Nascent startup scenes in places like Santiago (Chile), Rio de Janeiro (Brazil), Buenos Aires (Argentina), Medellín (Colombia), and Mexico City (Mexico) have drawn a lot of attention in recent years, and with good reason. The potential for growth in the region in general is huge, and the amount of progress entrepreneurs and governments have made in a relatively short time deserves recognition and support.
That being said, innovation ecosystems in LATAM are still in their beginning phases, and one of the many elements they often lack is robust media coverage.
As Emily explains, “You do have smaller publications that are emerging and dedicated to the startup scene.” The big traditional outlets, however, tend to lag far behind the cutting edge of innovation.
What this “coverage gap,” as Emily calls it, means for PR is that media in LATAM, on the whole, has a number of blindspots that have to be accommodated into any successful outreach strategy. Traditional news outlets in general are less likely to cover startups and small-to-medium business ventures, and the lack of small and medium-sized entrepreneur-specific publications means businesses that fall into that range have to try harder to connect their stories to a broader audience.
The good news is that the arrival of foreign products to a local market is almost always newsworthy — although less so in countries like Mexico, which are more accustomed to multinational business.
Michael, who recently opened a venture capital firm focused on Latin America, explained that there are a number of strengths here.
“First, you’re automatically in a smaller pool. Regardless of what it is, your business has an almost intrinsic interest quotient just by virtue of being foreign,” he said. “That perspective creates other possibilities, as well. You can offer an outside look at what’s going on locally, or share insights you might have into trends that haven’t reached that country yet.”
The opposite is also true: media outlets in LATAM also tend to celebrate locally based businesses that achieve international success. Emily says that iBillionaire plays up its regional connections when seeking press in LATAM, even though in the States, the company’s Argentine operations don’t merit much special attention.
Expat publications and blogs are another good place to turn to, especially for foreign businesses. “The expat community in Buenos Aires, for example, is a really nice catalyst. It’s too small to make your business on its own. But it’s a really good place to start,” Emily says, noting that because of their connections to the outside world, foreigners tend to be early adopters of tech trends that migrate from Europe and the US down to LATAM.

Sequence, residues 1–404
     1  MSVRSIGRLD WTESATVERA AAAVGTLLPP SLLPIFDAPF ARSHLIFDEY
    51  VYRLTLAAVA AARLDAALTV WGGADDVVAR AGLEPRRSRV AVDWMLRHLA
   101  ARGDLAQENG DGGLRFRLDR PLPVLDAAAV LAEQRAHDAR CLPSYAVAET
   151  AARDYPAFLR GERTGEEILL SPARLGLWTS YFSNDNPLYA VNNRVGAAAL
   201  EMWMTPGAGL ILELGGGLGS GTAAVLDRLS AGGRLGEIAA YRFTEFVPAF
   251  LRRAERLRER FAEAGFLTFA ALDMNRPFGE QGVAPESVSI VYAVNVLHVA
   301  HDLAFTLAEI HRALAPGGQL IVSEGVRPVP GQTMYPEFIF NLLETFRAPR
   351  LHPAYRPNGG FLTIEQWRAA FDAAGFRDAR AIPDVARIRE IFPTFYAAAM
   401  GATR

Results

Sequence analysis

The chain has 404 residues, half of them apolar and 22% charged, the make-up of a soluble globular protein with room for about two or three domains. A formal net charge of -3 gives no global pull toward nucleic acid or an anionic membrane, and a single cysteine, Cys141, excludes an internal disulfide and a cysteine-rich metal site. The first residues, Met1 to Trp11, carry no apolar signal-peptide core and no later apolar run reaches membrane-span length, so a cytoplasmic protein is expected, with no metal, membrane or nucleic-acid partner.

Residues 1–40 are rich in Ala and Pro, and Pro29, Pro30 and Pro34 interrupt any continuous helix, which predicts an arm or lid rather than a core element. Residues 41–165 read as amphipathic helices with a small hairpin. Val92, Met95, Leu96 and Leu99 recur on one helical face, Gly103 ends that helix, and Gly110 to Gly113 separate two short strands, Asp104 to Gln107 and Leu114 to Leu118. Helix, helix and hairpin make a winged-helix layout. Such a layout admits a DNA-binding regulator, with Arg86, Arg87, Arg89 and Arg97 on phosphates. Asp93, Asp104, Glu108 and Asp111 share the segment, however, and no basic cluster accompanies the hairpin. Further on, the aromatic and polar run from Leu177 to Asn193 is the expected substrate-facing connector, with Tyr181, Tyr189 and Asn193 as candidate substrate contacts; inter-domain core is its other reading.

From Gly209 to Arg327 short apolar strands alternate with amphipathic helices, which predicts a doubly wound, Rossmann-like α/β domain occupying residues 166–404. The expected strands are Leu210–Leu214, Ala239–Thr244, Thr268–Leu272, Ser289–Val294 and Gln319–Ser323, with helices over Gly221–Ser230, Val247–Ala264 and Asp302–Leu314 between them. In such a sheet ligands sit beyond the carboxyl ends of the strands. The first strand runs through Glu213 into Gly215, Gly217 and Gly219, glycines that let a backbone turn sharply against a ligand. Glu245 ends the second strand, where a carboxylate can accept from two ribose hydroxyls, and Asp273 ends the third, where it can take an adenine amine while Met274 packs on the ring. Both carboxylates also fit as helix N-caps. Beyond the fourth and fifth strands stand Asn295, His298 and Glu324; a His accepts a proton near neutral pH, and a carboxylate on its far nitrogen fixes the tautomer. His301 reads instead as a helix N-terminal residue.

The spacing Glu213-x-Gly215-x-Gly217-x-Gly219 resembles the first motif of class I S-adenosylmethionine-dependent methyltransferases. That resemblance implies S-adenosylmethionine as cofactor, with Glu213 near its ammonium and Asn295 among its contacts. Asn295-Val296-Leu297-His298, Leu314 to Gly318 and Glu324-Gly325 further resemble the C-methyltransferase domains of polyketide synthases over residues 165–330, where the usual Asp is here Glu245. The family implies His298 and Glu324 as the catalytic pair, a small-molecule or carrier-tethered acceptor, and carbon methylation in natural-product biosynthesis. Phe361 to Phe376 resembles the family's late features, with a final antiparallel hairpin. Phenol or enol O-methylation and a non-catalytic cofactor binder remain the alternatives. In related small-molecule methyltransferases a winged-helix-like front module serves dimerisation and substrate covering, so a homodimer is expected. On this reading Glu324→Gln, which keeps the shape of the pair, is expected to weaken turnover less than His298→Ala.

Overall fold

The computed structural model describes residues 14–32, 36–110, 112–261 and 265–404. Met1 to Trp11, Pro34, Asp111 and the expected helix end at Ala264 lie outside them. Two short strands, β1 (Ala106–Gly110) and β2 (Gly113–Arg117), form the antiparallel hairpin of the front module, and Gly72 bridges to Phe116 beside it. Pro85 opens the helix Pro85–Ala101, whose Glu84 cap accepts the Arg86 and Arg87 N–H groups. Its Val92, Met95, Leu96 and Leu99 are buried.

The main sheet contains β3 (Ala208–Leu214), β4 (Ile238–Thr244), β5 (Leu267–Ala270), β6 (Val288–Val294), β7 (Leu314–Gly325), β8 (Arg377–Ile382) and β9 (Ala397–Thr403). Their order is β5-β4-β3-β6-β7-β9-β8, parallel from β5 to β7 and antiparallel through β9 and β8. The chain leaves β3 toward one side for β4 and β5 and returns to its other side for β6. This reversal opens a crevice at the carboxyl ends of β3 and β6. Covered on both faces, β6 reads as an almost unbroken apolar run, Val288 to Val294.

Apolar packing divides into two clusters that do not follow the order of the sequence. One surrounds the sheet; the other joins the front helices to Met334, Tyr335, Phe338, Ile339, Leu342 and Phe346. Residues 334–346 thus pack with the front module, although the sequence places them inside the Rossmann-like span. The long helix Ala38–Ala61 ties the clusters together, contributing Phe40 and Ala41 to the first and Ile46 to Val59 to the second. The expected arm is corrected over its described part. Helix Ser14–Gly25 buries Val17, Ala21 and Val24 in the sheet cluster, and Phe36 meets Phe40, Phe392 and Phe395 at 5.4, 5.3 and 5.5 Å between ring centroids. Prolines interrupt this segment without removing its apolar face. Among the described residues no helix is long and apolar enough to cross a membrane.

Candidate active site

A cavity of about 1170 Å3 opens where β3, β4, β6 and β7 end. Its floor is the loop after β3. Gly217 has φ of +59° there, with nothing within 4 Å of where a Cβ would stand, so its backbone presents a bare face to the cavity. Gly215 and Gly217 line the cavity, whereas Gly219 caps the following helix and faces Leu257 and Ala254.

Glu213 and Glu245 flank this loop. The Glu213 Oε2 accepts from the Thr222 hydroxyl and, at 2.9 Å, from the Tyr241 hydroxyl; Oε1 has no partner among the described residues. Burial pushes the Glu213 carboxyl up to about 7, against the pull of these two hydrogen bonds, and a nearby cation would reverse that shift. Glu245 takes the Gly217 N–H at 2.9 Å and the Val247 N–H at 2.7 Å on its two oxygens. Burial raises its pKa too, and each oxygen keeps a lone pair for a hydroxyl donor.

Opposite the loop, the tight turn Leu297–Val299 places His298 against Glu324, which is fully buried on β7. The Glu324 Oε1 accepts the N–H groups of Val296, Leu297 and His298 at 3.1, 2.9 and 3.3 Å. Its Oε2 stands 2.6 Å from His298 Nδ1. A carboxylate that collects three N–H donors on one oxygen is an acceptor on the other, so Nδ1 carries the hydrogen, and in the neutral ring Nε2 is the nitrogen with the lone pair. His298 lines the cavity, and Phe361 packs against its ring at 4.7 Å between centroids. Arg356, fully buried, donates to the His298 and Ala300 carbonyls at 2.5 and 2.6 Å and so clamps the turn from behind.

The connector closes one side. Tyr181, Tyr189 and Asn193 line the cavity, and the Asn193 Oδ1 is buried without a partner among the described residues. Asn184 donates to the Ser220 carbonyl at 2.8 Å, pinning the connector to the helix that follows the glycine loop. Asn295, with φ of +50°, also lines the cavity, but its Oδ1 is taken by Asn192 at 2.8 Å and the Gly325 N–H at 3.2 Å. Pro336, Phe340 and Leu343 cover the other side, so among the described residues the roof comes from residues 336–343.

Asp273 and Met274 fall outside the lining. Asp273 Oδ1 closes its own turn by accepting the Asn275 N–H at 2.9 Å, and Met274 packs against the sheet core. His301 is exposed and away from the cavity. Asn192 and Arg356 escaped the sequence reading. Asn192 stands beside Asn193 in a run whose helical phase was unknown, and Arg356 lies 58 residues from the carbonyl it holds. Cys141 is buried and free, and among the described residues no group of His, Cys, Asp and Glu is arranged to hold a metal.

A less saturated media landscape also means that timing isn’t nearly as urgent on tech and innovation stories. Giving away an exclusive to one publication won’t preclude you from scoring coverage from its competitors. If you manage to get featured on one publication, be sure to leverage it in your communications with others.
Latin American media going forward
Fernanda points out that media offerings are far more diverse now than they were even four years ago. When Ronin PR was just getting started, she found it necessary to “translate concepts to a more colloquial language,” both for the benefit of traditional news outlets and their audiences.
But as government initiatives, brick and mortar businesses, education centers, and the general consumer market continue to familiarize themselves with tech products and integrate themselves into the startup ecology, Fernanda says even general news outlets have been able to cover tech developments with increasing sophistication.
“It’s still a growing community,” she said, “but we’ve managed to get different sectors involved and that’s served to ensure the topic [of innovation] appears in the media from different perspectives.”
A new generation of reporters, says Emily, is tuned into the goings on of the global innovation scene. And local media coverage on the whole will evolve alongside their corresponding entrepreneurial economies, increasingly moving away from simply replicating foreign business models and toward new and valuable contributions to the global scene.
As Emily explains, “There are so many copycats, but I think as the ideas get better and as the communities get better, the doors will open to getting attention from those bigger media outlets.”